by Shannon Farrell

Have you heard this saying? “Children learn more from what you are than what you teach.”

W.E.B. Du Bois said it. 

And I’ve been thinking about it a lot these days… typically from inside a locked bathroom door, pressed against the other side of which are two small humans asking for their fourth snack before 10 am.  

Quarantine Summer, with its significantly fewer-than-normal options of what to do, has ended, and now we’re knee-deep (who am I kidding? – neck-deep) in homeschooling where, supposedly, I “teach,” and my home is now full of smart things like maps and flashcards and books of famous sayings by famous people. 

Read archived Hell Raisers content here.

Of course, I’m rarely looking at any of those things, locked as I am in the bathroom, pondering the deep philosophical meanings of parenting. But over the discordant din of “Is Mom really going potty again?” and “Mom!!! Where are the granola bars! The CHOCOLATE ones!” I have managed to begin a journey of deep and enlightening self-inquiry, sparked by this very quote.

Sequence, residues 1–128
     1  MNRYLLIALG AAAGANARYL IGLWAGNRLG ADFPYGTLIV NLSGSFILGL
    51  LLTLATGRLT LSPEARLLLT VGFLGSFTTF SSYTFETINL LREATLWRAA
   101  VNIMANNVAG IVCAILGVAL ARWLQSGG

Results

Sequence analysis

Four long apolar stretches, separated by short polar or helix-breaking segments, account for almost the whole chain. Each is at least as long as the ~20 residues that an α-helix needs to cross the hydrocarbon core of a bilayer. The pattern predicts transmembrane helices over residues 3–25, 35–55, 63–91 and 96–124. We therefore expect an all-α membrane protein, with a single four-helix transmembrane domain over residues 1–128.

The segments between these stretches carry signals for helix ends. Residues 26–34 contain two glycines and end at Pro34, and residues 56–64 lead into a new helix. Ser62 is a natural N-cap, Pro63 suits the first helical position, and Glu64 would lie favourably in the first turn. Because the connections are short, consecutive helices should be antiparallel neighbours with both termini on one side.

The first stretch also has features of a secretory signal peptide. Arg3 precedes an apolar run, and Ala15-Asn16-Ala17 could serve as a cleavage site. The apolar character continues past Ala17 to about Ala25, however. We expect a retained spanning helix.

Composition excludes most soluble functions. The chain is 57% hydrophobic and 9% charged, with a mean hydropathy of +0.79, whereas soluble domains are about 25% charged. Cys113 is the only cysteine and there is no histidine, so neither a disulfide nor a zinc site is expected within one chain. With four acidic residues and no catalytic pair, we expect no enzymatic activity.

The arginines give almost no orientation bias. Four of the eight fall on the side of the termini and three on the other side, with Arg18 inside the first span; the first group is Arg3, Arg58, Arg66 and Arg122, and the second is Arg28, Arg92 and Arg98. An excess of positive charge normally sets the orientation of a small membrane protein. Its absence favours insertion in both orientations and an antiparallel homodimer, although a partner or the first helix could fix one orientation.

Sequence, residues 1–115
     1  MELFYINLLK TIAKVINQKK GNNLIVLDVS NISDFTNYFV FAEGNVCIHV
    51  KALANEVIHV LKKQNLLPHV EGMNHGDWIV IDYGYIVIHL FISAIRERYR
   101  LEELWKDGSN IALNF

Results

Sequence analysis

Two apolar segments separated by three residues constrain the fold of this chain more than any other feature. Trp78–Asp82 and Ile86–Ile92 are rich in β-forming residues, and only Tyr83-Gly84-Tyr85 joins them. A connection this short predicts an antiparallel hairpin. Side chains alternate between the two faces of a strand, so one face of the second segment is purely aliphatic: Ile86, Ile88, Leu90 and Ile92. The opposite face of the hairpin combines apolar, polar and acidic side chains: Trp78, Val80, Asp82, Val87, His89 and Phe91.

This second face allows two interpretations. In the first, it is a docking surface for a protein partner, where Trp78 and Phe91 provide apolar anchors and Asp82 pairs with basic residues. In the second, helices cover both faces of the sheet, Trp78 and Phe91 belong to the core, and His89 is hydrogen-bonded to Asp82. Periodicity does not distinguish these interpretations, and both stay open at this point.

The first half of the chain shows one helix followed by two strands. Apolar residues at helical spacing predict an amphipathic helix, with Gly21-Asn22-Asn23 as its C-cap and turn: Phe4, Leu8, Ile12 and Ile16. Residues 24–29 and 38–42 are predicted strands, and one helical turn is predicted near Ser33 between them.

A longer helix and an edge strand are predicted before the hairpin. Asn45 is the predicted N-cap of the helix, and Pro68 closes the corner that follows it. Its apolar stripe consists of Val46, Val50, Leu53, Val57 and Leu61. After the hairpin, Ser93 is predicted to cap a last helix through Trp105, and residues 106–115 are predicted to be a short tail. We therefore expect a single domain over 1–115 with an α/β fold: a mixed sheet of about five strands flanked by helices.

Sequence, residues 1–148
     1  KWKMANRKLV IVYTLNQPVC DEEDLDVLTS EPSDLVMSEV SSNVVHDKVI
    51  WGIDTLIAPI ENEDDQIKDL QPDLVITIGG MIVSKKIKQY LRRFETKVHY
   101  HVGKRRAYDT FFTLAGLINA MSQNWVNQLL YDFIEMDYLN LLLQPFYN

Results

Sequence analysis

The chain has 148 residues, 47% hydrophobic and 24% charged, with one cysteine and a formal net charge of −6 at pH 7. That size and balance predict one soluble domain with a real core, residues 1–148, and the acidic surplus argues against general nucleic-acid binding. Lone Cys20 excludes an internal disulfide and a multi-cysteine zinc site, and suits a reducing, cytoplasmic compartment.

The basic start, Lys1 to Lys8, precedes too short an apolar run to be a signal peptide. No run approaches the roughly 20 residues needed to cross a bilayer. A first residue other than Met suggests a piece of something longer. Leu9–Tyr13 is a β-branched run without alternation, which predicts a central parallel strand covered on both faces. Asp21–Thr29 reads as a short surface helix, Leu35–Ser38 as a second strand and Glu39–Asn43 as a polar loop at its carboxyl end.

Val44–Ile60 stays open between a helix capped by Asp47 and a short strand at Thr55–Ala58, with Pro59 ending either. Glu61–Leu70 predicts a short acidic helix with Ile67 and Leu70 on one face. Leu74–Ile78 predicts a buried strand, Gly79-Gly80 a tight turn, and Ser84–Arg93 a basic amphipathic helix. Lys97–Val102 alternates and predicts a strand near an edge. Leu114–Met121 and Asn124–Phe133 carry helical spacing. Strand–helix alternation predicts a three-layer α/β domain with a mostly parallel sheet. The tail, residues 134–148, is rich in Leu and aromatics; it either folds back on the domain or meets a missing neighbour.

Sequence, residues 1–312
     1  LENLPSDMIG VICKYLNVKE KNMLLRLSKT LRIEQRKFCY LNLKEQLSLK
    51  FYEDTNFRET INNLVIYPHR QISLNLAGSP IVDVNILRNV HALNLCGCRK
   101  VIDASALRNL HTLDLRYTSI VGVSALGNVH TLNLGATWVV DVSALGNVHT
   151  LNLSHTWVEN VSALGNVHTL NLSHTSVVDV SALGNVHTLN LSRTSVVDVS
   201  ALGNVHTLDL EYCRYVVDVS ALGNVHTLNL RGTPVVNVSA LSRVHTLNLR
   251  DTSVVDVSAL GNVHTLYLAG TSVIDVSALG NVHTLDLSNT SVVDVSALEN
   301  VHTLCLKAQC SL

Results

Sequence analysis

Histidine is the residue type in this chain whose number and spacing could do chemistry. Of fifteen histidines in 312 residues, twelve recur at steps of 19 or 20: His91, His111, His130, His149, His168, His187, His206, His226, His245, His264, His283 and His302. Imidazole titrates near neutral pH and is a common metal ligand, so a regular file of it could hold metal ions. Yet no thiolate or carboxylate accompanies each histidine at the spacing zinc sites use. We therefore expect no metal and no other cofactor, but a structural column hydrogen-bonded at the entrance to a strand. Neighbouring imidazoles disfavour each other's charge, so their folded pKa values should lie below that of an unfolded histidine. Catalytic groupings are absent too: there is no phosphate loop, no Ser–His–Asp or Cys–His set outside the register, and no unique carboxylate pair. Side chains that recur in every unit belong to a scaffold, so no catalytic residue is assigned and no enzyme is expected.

“Children learn more from what you are than what you teach.”

Huh. 

What I am

I am a 32-year-old divorced mom of two. 

I am an entrepreneur.

And, I’ve begun to notice, I am all-too-frequently a tired, cranky woman endlessly saying things like “Don’t hit. Clean that up. Tie your shoe. Study for your test. Quiet down. Close the door. Apologize to your sister.” 

Those are all important things, right? Important things they need to learn? Important things they need to DO. 

But what are they learning to BE? 

If it’s true that my children learn more from what I am than from all those “teaching moments,” then perhaps we are due for a curriculum adjustment.

Of course, I care that their rooms don’t grow colonies of ants from apple cores (or granola bar crumbs) and that they don’t hit each other. 

But what I really care about is what they ARE. That they are loving. Kind. Peaceful. Resourceful. 

Happy. 

I want them to be humans living happy, good lives in the world.

Preferably mostly outside the bathroom.  (Did I already mention how much time I’m spending in the bathroom?)

Perhaps it’s time to smile at that slightly-bedraggled-looking woman in the mirror, unlock that door and go BE a human.

Giving them maps and the granola bars and lessons about getting along are important.

But the MOST important thing is giving them a model of the kind of human being I hope they’ll be. 

Shannon is a mother of two who likes to run, work out, and drink wine. Except the truth is, she actually only likes to do one of those things.

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